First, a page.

Aims Common variable immunodeficiency (CVID) is a primary antibody immunodeficiency with approximately 20% of patients reporting additional autoimmune symptoms. The primary aim of this study was to compare the levels of activated and regulatory T cells (Treg cells) in CVID patients in an attempt to clarify their possible interactions leading to the generation of autoimmunity.
Methods Immunophenotyping of T cells was performed by flow cytometry using a whole blood approach. Surface expression of human leukocyte antigen HLA class II DR and intracellular levels of granzyme B in T cell subsets were assessed; Treg levels were measured using CD4 CD25, FOXp3 and CTLA-4.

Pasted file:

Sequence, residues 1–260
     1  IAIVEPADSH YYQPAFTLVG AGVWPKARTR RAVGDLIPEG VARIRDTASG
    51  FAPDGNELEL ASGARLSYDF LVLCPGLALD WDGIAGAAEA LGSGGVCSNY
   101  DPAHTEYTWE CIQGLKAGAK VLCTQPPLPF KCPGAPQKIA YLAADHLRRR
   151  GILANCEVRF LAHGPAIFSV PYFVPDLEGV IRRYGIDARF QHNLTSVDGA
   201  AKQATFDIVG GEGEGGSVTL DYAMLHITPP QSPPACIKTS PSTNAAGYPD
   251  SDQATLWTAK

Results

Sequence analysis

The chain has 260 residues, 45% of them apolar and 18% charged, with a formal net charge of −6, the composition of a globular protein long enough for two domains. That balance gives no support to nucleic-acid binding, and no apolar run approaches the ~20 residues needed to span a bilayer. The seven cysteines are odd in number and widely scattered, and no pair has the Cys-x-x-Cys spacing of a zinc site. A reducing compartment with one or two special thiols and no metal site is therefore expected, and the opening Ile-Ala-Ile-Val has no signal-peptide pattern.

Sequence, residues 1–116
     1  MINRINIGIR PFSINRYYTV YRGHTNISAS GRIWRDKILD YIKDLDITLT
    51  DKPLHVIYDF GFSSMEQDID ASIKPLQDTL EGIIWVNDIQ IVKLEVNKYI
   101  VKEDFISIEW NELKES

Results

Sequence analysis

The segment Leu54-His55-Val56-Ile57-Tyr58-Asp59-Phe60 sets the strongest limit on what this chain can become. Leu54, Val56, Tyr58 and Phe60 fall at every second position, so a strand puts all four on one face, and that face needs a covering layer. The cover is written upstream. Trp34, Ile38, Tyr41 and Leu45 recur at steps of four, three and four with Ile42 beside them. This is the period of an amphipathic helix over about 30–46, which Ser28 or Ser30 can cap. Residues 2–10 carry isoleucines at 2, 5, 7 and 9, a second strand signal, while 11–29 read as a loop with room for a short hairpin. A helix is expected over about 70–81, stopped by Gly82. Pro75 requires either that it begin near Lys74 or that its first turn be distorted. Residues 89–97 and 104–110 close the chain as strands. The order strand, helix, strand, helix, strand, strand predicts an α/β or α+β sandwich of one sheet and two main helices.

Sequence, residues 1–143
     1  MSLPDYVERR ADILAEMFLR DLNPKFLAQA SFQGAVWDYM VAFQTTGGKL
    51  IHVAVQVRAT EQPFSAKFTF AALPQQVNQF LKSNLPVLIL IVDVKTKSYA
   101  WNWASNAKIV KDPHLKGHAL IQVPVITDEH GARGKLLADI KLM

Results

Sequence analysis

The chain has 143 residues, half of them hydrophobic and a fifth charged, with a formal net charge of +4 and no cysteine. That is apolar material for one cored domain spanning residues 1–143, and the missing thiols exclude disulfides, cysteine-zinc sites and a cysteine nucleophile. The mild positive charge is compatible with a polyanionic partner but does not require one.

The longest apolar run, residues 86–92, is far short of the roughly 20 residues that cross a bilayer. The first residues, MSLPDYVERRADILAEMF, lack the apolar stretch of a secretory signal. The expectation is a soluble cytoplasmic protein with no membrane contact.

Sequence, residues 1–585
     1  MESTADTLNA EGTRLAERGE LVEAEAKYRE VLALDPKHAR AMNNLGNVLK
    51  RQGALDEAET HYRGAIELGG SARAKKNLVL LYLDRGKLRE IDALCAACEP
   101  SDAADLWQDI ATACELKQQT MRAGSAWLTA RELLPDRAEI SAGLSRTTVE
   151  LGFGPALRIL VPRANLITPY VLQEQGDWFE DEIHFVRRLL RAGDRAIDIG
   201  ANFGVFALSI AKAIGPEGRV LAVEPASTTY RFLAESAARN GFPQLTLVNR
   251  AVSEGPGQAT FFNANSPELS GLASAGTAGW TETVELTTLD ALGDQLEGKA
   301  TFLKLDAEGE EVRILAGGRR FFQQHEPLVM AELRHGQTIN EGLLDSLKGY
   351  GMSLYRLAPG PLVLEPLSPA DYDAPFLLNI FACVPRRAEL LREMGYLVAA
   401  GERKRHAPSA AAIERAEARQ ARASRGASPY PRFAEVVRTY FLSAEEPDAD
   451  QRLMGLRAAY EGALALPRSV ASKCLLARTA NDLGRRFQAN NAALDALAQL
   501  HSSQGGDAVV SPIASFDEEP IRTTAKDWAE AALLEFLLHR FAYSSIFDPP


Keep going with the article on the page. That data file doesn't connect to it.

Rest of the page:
Results CVID patients had higher levels of granzyme B and HLA-DR on CD8+ T cells compared with control values (mean of 59% vs 30% and 45% vs 21%, respectively). Patients also had reduced levels of Treg cells compared with control values (con mean=3.24% vs pat=2.54%). Patients with autoimmunity (5/23) had a similar level of T cell activation markers to the rest of the patients but with lower Treg cells (mean of 1.1%) and reduced CD25 and CTLA-4 expression. Patients with autoimmunity had a higher ratio of activated to Treg cells compared with patients with no autoimmune symptoms.
Conclusions These results highlight that reduced levels of Treg cells were associated with elevated levels of activated T cells, suggesting that reduced Treg cells in these patients may have functional consequences in allowing exaggerated T cell responses.
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